Not only did we publish broadsides and pamphlets, we established print shops, like the Women’s Press Collective in Oakland and the Iowa City Women’s Press (guess where that was), whose technological capacity went way beyond mimeographs. They published magazines and books that included graphics and photographs and, eventually, four-color covers.

In the mid-1970s, now a competent typist, I got my first proofreading job, working on contract jobs for the company that published my hometown’s weekly newspaper. The production process was a complicated hybrid of technologies. I worked nights, usually alone in the office with the typesetter. Early in the evening Dave the production manager was still around. A generation older than I and my college colleagues, he was adept at fixing cranky machines.

The process went something like this, to the best of my recollection (which I confess is a little fuzzy in places). I sat at what looked like a contemporary desktop computer only clunkier, and it came with a couple of gizmos on the side that I don’t remember very well because I haven’t seen anything like them since. The typesetter’s  machine was a glorified IBM Selectric typewriter, or so I recall it, though I’m sure it had a monitor attached. It used a special ball that produced manuscript pages with what looked like a running barcode under the letters.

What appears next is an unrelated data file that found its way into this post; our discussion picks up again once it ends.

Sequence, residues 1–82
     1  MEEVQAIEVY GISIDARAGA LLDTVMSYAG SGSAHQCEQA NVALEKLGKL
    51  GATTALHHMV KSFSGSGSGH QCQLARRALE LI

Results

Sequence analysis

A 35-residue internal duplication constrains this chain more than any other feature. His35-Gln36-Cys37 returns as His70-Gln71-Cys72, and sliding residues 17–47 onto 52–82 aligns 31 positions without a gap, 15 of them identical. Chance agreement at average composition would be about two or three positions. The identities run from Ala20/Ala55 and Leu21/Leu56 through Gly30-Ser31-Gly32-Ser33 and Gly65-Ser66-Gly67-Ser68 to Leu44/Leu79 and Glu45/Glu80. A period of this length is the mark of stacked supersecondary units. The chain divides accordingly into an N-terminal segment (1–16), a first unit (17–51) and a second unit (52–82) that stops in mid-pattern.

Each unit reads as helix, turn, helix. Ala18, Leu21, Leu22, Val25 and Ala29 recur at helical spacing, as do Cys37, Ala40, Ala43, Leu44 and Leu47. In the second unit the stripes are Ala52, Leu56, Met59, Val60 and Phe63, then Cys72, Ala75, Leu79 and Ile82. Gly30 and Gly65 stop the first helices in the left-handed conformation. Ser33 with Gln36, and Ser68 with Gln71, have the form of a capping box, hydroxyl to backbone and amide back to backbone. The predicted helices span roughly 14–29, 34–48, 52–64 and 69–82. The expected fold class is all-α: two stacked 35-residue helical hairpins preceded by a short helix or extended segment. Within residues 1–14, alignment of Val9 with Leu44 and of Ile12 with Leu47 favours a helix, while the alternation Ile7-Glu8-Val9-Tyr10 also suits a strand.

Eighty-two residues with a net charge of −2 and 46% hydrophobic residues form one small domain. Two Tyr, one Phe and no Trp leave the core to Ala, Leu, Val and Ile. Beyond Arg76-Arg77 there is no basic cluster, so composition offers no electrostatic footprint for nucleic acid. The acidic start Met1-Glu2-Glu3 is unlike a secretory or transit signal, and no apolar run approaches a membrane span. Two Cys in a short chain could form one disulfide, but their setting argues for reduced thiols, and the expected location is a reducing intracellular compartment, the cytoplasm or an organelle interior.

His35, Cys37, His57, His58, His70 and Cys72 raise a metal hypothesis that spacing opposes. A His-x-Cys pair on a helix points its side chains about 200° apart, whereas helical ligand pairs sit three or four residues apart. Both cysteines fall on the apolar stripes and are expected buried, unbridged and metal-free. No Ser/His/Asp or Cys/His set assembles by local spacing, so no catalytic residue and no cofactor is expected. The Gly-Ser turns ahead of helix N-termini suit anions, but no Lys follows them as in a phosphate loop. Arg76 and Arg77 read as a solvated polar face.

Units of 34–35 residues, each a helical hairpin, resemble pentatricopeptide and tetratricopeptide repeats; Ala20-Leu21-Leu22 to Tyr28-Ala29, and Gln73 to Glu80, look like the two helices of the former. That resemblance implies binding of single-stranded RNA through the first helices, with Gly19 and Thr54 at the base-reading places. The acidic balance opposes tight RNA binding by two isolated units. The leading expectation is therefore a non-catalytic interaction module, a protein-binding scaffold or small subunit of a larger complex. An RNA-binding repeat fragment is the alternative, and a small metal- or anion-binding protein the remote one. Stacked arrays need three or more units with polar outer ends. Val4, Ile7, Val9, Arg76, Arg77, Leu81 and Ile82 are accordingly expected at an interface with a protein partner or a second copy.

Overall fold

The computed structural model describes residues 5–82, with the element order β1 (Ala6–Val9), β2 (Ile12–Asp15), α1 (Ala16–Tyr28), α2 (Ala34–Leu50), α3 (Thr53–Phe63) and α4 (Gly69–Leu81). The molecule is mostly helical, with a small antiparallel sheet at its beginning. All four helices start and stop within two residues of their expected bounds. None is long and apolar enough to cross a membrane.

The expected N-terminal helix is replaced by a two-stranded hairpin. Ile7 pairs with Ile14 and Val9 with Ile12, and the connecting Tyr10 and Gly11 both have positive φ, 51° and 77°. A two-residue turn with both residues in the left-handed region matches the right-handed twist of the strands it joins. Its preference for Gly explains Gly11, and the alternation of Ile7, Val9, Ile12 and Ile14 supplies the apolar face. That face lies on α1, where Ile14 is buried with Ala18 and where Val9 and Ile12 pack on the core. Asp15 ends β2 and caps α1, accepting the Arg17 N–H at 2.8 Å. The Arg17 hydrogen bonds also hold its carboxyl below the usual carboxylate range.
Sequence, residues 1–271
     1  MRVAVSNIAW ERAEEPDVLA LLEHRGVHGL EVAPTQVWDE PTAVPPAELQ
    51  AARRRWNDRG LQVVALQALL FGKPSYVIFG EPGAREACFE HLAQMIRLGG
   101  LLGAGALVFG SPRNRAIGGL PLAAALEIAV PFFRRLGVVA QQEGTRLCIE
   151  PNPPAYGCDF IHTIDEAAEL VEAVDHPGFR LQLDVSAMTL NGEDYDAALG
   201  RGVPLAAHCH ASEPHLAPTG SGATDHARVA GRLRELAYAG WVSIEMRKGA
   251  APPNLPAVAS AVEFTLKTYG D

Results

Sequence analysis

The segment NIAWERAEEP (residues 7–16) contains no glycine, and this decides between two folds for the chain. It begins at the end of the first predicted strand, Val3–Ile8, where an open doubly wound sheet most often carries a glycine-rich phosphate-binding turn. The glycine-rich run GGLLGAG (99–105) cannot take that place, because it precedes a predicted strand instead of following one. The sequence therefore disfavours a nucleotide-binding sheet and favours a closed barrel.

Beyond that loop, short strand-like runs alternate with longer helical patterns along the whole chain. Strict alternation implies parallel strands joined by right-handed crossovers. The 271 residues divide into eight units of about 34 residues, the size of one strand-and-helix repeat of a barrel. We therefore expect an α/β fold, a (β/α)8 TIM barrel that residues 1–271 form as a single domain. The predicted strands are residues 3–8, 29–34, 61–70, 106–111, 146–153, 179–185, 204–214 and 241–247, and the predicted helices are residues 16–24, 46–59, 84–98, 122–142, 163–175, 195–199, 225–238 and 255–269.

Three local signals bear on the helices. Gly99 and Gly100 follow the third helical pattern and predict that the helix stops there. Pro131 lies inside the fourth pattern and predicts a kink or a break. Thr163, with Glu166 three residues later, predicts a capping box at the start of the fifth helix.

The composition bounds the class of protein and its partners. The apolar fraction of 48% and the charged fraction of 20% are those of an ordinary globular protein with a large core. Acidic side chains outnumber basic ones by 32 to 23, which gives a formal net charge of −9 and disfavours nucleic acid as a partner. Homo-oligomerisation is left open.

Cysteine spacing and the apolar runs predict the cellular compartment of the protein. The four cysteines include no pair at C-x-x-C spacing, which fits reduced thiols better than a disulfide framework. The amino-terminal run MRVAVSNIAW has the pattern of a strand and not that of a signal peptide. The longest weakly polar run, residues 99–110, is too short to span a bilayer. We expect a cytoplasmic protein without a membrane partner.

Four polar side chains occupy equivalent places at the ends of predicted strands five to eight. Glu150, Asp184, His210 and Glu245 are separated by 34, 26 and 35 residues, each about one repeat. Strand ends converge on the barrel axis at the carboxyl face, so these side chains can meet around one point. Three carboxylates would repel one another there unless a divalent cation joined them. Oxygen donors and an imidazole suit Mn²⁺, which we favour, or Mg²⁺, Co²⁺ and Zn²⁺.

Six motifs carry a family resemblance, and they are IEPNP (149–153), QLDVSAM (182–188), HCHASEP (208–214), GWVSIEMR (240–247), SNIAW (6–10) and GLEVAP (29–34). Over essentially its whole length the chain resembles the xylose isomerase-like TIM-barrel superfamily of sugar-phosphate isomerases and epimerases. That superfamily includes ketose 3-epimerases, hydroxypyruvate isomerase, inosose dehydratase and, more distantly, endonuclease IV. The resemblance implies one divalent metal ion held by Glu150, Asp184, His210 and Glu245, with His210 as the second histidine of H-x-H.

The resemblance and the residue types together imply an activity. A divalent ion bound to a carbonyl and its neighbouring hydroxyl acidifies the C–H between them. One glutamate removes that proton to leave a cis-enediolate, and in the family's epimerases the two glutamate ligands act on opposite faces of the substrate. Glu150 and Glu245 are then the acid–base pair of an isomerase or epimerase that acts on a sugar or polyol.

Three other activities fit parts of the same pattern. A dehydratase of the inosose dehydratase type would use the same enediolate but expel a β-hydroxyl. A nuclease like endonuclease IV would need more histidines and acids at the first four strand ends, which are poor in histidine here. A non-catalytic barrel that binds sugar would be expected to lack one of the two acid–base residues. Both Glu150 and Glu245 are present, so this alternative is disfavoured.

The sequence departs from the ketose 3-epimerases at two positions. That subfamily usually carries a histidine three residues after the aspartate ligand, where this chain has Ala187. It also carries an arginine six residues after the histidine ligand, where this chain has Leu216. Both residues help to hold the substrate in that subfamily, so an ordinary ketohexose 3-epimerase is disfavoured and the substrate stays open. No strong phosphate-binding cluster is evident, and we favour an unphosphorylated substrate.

I would feed these pages into one of my gizmos, whereupon the copy would magically appear on my monitor, usually with a fair number of @@@@@@, which meant that the gizmo hadn’t read the barcode correctly. I’d correct these and other spelling and punctuation errors on my screen, then when it all looked good, I’d hit the equivalent of Send or Print or Enter and out of another gizmo would come a long punched tape. Here’s one of the relics from my drawer, showing the hole pattern for each letter and command. It looked a little like Braille, only with holes instead of raised dots.